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Piero Drogo was an Italian-born amateur who raced in South America during the 1950s and briefly competed in Europe. He won a minor Venezuelan sports car race at Marcay in 1956 with a Mercedes-Benz 300SL and he was seventh on his World Sportscar Championship debut in the 1957 Buenos Aires 1000Kms.
That was with a Scuderia Madunina Ferrari 500 Testa Rossa and he finished fourth a year later with Sergio González and a 250TR when the first local crew to finish. He travelled to Europe but retired Fernand Tavaro’s similar car from the 1958 Le Mans 24 Hours when the engine failed after 45 laps.
Drogo worked as a mechanic for Stanguellini as he struggled to establish himself in European racing. Limited funds blunted his opportunities and fifth in the 1959 Targa Florio with a Scuderia Centro Sud Maserati A6G was his best result in a major race.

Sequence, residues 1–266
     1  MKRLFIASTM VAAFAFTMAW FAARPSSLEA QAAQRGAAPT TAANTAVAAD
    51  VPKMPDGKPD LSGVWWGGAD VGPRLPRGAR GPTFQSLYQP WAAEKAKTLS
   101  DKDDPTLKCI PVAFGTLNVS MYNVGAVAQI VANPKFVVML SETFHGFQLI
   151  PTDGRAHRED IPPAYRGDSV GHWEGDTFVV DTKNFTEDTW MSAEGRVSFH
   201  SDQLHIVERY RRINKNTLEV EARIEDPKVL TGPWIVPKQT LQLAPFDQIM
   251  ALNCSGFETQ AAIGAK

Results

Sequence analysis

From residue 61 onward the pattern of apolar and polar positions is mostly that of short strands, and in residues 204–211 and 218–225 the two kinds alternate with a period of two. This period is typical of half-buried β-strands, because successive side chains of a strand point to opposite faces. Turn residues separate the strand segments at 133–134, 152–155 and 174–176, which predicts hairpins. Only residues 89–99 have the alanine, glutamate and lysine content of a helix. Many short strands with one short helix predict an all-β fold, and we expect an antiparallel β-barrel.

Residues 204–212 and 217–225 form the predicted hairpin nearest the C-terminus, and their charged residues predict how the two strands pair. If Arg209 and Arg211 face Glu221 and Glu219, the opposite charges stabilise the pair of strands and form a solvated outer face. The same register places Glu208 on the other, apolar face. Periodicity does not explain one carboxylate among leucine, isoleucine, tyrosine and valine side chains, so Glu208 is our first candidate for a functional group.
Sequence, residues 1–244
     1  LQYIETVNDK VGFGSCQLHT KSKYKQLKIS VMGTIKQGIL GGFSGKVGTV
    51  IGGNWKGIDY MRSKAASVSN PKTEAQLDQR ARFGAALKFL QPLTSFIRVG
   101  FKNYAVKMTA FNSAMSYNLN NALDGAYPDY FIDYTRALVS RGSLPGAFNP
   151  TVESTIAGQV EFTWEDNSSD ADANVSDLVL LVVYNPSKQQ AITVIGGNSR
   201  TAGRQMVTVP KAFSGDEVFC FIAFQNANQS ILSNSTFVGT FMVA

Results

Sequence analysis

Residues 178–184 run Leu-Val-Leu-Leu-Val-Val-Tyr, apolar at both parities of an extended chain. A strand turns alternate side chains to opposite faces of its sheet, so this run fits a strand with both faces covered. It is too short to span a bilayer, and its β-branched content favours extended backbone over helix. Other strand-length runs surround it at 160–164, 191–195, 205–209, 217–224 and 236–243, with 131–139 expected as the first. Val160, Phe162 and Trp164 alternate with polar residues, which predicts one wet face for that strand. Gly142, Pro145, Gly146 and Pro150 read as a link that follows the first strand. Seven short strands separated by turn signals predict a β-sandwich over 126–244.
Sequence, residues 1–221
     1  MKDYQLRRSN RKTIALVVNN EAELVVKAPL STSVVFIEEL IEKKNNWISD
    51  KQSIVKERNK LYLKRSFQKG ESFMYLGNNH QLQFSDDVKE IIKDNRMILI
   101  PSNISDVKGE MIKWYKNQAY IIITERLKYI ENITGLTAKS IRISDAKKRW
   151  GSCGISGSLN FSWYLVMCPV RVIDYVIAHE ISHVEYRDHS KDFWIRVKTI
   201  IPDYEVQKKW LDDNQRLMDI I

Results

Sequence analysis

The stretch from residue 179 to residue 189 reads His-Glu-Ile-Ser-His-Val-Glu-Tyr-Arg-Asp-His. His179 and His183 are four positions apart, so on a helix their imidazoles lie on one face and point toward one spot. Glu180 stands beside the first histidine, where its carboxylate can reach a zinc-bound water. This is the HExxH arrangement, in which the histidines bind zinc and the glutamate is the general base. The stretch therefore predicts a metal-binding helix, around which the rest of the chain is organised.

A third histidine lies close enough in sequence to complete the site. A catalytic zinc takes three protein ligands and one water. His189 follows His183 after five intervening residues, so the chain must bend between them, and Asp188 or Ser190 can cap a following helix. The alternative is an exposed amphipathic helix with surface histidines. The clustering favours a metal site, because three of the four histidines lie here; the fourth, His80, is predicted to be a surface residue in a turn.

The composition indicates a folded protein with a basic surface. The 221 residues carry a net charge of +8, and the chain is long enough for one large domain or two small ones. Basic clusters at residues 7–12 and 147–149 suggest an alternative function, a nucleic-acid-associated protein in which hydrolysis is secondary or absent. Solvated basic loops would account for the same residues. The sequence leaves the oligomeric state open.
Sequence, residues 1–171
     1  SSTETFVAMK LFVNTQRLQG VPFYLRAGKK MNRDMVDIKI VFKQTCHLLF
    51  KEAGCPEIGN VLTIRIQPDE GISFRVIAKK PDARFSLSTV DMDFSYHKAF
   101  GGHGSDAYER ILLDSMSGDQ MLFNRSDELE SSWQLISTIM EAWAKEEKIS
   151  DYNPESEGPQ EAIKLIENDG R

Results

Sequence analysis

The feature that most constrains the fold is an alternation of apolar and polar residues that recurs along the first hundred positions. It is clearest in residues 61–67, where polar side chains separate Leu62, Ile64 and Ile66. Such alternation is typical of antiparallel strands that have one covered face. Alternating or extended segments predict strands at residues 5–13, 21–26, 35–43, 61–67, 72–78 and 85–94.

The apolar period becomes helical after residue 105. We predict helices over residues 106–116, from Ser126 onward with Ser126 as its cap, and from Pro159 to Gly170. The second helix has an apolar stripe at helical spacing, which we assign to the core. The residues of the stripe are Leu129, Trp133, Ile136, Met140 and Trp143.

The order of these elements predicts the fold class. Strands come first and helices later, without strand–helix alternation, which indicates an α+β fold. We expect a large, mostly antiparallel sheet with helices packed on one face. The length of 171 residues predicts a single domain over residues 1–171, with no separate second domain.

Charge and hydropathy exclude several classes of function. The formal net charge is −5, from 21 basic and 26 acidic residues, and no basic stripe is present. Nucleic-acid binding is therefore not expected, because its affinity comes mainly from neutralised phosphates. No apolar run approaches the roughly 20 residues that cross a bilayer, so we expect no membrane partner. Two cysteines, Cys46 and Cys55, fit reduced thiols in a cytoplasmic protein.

He did get a chance to start a world championship Grand Prix when the British teams boycotted the 1960 Italian GP at Monza. As the organisers frantically strove to fill its field, Drogo was included with a Scuderia Colonia Cooper T43-Climax. He qualified in 15th position and finished eighth (albeit five laps off the pace) in what was his last major race.
He remained in Italy and settled in Modena where he ran a company that modified Ferrari road cars. Drogo was killed in a road accident after hitting a stationary lorry in a tunnel near Bologna.